Worst! Fucking! President! Ever!


    Filed on at 6:21 am under by dcobranchi

    The home education community is relatively small. And probably less than half of them are conservative Republicans. So why do they keep making a fuss over “Homeschoolers for Huckabee”?

    Mike Huckabee has announced a slew of endorsements in the state.

    Former transportation commissioner Carol Murray endorsed the former Arkansas governor and will advise him on transportation issues.

    Former state senator Dave Wheeler will head up the New Hampshire “Homeschoolers for Huckabee Coalition” and serve on the “Second Amendment Advisory Committee.”

    Is this a Generation Joshua thing?


    Filed on August 21, 2007 at 4:32 am under by dcobranchi

    Proof positive that the Fayetteville Observer is so desperate for LttE that they will print anything:

    Could homeless expertise find dangerous bridges?

    Who can tell us which bridges need to be repaired or replaced in North Carolina? Who can tell us which bridges need to be inspected first? Who knows the most about the conditions of our bridges? The answer to these questions is obvious — the homeless.

    Many homeless people reside under our bridges. At night they are looking up not at the stars but at the underside of the bridge.

    It is a known fact that homeless people will not sleep under a bridge that is about to collapse. That fact is easily substantiated … you never heard of a bridge collapsing and killing or injuring a homeless person that lived under it.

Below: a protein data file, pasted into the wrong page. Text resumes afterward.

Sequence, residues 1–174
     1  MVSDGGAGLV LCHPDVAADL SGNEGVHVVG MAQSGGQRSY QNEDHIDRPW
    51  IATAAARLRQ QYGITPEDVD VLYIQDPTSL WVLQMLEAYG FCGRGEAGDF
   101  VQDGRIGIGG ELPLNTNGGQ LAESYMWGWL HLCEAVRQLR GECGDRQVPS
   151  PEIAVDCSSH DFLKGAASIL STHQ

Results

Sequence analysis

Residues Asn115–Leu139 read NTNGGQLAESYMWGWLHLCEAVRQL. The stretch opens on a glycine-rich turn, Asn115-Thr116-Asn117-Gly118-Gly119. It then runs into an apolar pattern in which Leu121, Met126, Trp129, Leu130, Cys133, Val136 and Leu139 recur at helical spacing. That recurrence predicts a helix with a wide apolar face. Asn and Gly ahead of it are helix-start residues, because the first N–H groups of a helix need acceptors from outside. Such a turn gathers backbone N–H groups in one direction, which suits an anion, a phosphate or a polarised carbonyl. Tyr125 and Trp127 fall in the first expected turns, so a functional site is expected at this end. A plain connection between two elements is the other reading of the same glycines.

If homeless people are not sleeping regularly under any bridge, that bridge needs to be inspected immediately by the bridge inspection team that was created by DOT Secretary Lyndo Tippett.

    This is just one example of how governmental problems can be solved by using citizen expertise.

    Benner Jones III

    If I subscribed I’d have to cancel. What an embarrassment!


    Filed on August 20, 2007 at 9:49 pm under by dcobranchi


    The ISS and Space Shuttle just passed directly overhead. I shot this 8 second exposure from our backyard. The ISS is the brighter one higher in the sky.


    Filed on August 19, 2007 at 4:59 pm under by dcobranchi

    Even the soldiers fighting the war in Iraq know that we’re just spinning our wheels and getting a bunch of people killed for no good reason. A must read.

    I think they’re local boys.

    To believe that Americans, with an occupying force that long ago outlived its reluctant welcome, can win over a recalcitrant local population and win this counterinsurgency is far-fetched. As responsible infantrymen and noncommissioned officers with the 82nd Airborne Division soon heading back home, we are skeptical of recent press coverage portraying the conflict as increasingly manageable and feel it has neglected the mounting civil, political and social unrest we see every day.


    Filed on August 18, 2007 at 7:10 am under by dcobranchi

    I don’t recall this blog being in Spanish.


    Filed on August 17, 2007 at 7:20 pm under by dcobranchi

    NCLB is working just as designed:

    Less than a third of public schools in Cumberland County achieved “adequate yearly progress” in 2006-07, according to preliminary scores released this morning.

    Twenty-seven schools out of 88 in the county met all of their target goals as part of the federal No Child Left Behind law.

    Last year, 30 schools in the county made adequate yearly progress.